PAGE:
OMA NEWS RELEASE: Gold is much more than a medium for jewelry and money

This article was provided by the Ontario Mining Association (OMA), an organization that was established in 1920 to represent the mining industry of the province.

Yes, there is no denying the gold price has taken a beating lately. However, by the pure share of news it receives, there is ample evidence to show that this commodity still mesmerizes mankind. The earliest gold jewelry dates back 6,000 years. By 325 BC, the ancient Greeks were mining gold from all ends of the Mediterranean Sea. Gold fever has sent men on treks around the world to “moil for gold.” In Canada, would we have Robert Service and Pierre Berton as renowned authors if not for this precious metal?

In recent years, gold has been the target of more than 50% of global mineral exploration budgets – in excess of $9 billion was aimed at gold targets in 2011 and more than $10 billion in 2012. Closer to home, in Ontario in 2011, more than 50,600 kilograms of gold were produced with a value of about $2.5 billion. Gold has a historic monetary role. It is used as currency; it backs up currencies and people invest in it with the hopes of making more money.

Jewelry stores and vaults of central banks, financial institutions and investors show that the biggest uses for gold are as items of adornment and for monetary purposes such as coins and bars. While the use of this precious metal, which is number 79 on the periodic table, goes back thousands of years, gold is a metal that because of its valuable properties and characteristics is a metal for the future.

Often lost amidst the financial news stories about gold are the technological applications of this metal and how they enhance our lifestyles. Approximately 12% of gold finds its way into industrial and technological applications. This precious metal possesses a rare combination of qualities. It is highly reflective and an excellent thermal and electrical conductor, which is also malleable, corrosive resistant and biocompatible.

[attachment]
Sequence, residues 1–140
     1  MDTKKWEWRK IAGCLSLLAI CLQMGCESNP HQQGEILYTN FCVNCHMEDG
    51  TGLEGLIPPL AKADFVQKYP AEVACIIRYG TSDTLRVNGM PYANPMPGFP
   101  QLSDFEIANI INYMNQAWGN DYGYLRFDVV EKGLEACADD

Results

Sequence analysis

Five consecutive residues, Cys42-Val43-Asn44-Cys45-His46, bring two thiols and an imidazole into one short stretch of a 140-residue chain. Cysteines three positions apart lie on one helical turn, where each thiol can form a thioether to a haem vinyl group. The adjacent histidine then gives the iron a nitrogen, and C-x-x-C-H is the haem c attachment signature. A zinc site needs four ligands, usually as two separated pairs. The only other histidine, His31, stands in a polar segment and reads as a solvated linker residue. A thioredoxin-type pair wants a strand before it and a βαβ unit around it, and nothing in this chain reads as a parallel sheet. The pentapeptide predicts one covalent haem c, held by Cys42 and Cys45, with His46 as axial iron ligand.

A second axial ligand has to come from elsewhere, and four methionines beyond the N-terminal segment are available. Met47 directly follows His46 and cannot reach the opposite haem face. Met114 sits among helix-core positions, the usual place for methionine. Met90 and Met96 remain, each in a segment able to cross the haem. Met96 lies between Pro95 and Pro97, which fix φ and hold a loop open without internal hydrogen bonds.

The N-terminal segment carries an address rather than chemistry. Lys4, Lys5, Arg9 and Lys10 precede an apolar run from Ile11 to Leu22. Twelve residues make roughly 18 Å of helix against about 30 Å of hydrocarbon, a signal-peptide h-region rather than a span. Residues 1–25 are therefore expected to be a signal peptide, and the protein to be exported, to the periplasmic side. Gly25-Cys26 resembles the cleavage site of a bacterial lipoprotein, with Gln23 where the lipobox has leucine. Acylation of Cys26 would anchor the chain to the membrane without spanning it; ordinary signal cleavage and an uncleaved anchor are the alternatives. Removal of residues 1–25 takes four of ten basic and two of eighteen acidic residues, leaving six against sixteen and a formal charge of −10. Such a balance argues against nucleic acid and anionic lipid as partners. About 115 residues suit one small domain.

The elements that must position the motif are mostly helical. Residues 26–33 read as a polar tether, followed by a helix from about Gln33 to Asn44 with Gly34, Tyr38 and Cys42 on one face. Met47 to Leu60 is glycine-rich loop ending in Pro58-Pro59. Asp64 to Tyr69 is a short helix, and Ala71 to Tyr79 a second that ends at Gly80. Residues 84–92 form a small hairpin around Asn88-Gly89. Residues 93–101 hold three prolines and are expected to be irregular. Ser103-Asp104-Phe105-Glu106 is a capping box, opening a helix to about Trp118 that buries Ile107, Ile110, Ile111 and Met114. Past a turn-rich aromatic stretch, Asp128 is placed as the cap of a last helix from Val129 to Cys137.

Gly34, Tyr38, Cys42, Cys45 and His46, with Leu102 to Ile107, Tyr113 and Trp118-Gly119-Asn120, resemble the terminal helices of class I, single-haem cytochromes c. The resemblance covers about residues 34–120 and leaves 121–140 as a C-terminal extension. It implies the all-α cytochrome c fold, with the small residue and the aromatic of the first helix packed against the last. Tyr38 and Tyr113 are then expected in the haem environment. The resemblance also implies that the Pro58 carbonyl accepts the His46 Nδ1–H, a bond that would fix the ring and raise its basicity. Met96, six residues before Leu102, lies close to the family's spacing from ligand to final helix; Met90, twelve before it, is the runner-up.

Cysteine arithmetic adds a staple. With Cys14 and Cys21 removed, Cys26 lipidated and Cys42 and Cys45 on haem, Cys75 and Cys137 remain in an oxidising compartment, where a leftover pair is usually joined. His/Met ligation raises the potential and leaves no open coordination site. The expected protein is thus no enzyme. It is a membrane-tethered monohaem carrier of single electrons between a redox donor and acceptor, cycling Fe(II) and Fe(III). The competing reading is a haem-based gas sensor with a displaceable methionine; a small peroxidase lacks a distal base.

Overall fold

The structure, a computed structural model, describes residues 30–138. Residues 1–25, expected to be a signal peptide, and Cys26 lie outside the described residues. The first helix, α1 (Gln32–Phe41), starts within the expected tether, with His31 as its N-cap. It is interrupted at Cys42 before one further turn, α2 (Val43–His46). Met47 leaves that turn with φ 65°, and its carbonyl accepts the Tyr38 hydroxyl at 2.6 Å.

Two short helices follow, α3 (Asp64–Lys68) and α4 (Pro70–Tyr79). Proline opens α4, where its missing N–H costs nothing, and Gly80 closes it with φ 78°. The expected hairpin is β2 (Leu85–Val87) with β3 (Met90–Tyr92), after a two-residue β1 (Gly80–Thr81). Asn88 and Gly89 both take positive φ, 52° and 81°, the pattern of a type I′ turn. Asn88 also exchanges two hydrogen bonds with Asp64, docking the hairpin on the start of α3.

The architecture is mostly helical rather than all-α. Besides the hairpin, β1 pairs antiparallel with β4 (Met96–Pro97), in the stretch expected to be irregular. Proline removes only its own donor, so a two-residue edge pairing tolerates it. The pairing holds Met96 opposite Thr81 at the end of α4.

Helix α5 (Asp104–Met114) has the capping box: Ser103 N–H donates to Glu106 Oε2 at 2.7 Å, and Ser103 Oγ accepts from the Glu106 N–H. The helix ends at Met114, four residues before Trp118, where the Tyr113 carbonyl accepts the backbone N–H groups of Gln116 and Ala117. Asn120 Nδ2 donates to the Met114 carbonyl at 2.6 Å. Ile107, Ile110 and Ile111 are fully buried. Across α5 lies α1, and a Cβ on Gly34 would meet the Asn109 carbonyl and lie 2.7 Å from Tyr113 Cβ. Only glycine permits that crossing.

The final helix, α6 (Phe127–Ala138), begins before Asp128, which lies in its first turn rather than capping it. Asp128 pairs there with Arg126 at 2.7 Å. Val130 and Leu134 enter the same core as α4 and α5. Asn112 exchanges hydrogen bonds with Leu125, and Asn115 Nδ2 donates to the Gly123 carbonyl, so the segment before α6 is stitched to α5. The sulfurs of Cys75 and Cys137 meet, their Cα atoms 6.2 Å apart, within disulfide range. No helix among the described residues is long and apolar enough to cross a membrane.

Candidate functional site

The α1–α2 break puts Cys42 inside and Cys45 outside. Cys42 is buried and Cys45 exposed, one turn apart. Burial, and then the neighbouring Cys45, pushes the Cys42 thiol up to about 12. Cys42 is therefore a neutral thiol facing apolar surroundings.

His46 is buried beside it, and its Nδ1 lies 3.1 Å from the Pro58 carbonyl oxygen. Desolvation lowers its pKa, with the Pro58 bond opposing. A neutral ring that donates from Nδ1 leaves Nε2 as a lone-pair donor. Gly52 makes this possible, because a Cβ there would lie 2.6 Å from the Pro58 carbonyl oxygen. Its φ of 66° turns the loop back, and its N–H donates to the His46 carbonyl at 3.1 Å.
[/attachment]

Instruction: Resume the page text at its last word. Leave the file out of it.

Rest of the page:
Let’s present some examples of these other uses of gold. It is the metal of choice in many critical electronic applications where safety and dependable performance are essential. Gold bonding wire provides the connections in many semiconductor chips and in high performance electronics.

On the environmental front, gold is used in catalytic converters to deal with the oxidation of harmful by-products from engine exhaust. Gold is finding its way into the exhaust systems of cars, trucks and heavy duty off road vehicles. We can all breathe a little easier with gold playing a role in helping to reduce air pollution from internal combustion engines.

The earliest recorded medical use of gold was by the Chinese 2,500 years ago. There is something to the mythology linking gold with gods, immortality and health. Gold compounds are used in the treatment of diseases ranging from small pox, ulcers, measles, HIV to cancer. Life sustaining medical equipment such as pace makers and stents contain gold. The metal is also used in many medical diagnostic procedures.

Etruscans started using gold in dentistry in the seventh century BC. Gold’s bio-compatibility, malleability and resistance to corrosion make it ideal for numerous dental applications. Modern dentistry has redefined and refined the discoveries of ancient civilizations. Gold plays a significant role in 21st century oral hygiene.

Engineering uses for gold include applications in jet engines, fuel cells and architectural glass. About 70 kilograms of gold coats all 14,000 windows in both towers of the Royal Bank Plaza in downtown Toronto. The gold glazing provides high-grade reflection of heat radiation, which keeps the buildings warm in winter and cool in summer, an important energy saving role.

Gold is helping us expand what we know about the universe. A gold-coated telescopic mirror on the Mars Global Surveyor helped to map the surface of the red planet over a two year period. Also, the $1.5 billion Hubble Telescope has gold coatings protecting it from corrosion and making sure its electrical connections can be relied upon to work.

The United States Columbia Space Shuttle contained 41 kilograms of gold mainly in its electronic systems. Astronauts and space travelers use helmets containing visors with thin layers of gold to guard against lethal doses of radiation while working in that harsh environment.

The science of nanotechnology is embracing gold. Research is showing that gold on the nano scale has an intriguing and exciting potential in the world of chemistry and medicine.

Gold is an ancient metal. It use in jewelry and its monetary role have been with us for millennia. However, in the world of industry and technology, gold is likely to have an ever expanding role going forward. This precious metal with its attractive qualities has a promising future that is yet to be totally envisioned.

 

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